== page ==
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Archiv für Mikrobiologie

, Volume 84, Issue 1, pp 54–68 | Cite as

Sulfolobus: A new genus of sulfur-oxidizing bacteria living at low pH and high temperature

  • Thomas D. Brock
  • Katherine M. Brock
  • Robert T. Belly
  • Richard L. Weiss
Article

Summary

Sulfolobus is a new genus of bacteria characterized as follows: 1. generally spherical cells producing frequent lobes; 2. facultative autotrophy with growth on sulfur or on a variety of simple organic compounds; 3. unusual cell wall structure devoid of peptidoglycan; 4. acidophilic, pH optimum of 2–3 and range from 0.9–5.8; 5. thermophilic with temperature optimum of 70–75°C and range from 55–80°C (one strain grew at 85°C). The DNA base composition of five strains was determined by cesium chloride density gradient centrifugation and found to be 60–68% guanine plus cytosine. Sulfolobus apparently has no close relationship with any previously described bacteria, either heterotrophic or autrotrophic. Techniques are presented for distinguishing Sulfolobus from Thermoplasma, another genus of acidophilic thermophilic spherically shaped organisms. Sulfolobus has been isolated from a variety of natural acidic thermal habitats, both terrestrial and aquatic. Most isolations have been from habitats in Yellowstone National Park, but strains were also isolated from Italy, Dominica and El Salvador. It is suggested that Sulfolobus may be an important geochemical agent in the production of sulfuric acid from sulfur in high temperature hydrothermal systems.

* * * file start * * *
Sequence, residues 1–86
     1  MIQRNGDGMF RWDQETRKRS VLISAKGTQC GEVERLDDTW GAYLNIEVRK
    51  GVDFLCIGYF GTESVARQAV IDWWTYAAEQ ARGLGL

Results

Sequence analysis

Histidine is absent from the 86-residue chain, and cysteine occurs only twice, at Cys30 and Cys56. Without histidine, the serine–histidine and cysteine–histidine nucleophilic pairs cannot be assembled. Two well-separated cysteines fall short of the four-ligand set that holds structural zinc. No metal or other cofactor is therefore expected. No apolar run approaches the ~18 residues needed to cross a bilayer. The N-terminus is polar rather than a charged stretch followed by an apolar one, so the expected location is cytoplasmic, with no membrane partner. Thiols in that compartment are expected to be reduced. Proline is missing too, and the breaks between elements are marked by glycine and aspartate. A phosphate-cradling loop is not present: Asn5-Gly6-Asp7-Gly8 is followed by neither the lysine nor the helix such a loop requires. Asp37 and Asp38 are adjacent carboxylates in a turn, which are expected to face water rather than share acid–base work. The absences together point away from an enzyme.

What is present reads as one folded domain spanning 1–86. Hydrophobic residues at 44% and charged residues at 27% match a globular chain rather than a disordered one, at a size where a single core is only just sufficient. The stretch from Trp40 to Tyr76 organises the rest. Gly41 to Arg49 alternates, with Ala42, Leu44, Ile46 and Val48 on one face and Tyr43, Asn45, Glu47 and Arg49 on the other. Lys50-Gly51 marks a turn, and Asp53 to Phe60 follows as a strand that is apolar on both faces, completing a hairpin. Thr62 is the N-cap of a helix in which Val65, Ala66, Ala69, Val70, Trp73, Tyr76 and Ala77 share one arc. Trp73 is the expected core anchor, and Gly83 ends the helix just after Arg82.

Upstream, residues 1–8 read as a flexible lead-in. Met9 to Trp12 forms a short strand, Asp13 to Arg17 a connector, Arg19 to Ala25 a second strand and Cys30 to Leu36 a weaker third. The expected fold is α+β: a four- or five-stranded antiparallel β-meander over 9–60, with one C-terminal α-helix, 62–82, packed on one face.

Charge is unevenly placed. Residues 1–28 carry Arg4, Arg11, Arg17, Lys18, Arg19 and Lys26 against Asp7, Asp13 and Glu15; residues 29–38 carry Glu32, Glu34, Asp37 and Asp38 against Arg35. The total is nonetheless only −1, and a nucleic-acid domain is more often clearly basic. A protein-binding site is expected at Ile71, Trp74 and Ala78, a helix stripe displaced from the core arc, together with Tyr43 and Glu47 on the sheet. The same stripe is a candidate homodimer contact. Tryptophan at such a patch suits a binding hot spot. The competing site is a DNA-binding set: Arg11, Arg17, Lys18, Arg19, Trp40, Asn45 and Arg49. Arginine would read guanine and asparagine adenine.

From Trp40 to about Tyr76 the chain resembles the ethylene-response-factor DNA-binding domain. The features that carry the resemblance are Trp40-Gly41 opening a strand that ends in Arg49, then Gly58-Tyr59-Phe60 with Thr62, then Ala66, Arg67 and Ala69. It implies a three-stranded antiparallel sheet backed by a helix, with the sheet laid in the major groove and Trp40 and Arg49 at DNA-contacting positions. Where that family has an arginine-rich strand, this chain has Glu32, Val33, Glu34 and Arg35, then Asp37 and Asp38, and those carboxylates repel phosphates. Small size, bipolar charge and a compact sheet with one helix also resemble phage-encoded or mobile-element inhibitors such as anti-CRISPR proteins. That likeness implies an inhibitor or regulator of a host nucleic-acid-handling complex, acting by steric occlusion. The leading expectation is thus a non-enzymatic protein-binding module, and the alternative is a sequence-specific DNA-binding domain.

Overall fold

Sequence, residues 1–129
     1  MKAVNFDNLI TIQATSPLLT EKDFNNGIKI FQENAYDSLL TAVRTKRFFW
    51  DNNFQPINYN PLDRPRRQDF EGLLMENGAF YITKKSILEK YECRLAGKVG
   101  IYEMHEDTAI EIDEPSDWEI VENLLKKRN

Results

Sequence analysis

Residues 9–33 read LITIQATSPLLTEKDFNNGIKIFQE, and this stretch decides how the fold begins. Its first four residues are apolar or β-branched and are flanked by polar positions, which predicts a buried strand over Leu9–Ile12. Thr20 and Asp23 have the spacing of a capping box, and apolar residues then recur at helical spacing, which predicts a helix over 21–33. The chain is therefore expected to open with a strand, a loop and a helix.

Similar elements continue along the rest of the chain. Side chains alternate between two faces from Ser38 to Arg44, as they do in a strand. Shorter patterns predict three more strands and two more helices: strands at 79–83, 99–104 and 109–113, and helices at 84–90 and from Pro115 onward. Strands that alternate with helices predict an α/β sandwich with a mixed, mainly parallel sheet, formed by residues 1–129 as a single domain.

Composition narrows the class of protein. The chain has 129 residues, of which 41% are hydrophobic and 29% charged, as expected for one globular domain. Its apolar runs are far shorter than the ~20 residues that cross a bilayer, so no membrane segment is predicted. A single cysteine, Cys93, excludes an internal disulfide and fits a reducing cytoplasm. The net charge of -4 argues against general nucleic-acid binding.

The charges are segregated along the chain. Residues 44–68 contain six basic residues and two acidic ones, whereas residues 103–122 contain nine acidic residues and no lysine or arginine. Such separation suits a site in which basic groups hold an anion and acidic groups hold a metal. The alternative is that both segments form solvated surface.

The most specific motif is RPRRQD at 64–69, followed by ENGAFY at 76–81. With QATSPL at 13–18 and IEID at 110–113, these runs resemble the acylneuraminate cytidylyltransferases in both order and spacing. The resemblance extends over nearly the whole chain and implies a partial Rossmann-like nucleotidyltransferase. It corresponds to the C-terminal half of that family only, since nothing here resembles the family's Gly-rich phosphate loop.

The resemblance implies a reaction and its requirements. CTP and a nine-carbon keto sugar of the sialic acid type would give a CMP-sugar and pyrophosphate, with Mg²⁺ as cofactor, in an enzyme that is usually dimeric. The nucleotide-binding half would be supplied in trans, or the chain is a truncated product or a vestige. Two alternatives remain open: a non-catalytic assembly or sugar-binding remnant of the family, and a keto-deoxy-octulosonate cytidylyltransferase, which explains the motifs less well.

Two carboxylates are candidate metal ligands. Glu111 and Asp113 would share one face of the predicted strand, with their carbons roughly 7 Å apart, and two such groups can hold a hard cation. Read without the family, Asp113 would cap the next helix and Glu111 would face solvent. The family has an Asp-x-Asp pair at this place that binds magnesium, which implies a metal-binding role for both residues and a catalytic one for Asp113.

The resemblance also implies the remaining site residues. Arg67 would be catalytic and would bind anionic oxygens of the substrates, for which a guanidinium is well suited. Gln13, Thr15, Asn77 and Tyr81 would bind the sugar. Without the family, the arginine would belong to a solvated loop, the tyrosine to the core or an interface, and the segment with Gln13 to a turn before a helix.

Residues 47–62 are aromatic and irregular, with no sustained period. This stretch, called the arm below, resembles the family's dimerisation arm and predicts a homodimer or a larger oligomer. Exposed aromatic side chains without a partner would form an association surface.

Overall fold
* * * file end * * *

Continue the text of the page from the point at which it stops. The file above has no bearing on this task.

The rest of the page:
Keywords

Cytosine Cesium Peptidoglycan Hydrothermal System Density Gradient Centrifugation 
These keywords were added by machine and not by the authors. This process is experimental and the keywords may be updated as the learning algorithm improves.

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Copyright information

© Springer-Verlag 1972

Authors and Affiliations

  • Thomas D. Brock
    • 1
    • 2
  • Katherine M. Brock
    • 1
    • 2
  • Robert T. Belly
    • 1
    • 2
  • Richard L. Weiss
    • 1
    • 2
  1. 1.Department of BacteriologyUniversity of WisconsinMadisonUSA
  2. 2.Department of MicrobiologyIndiana UniversityBloomingtonUSA

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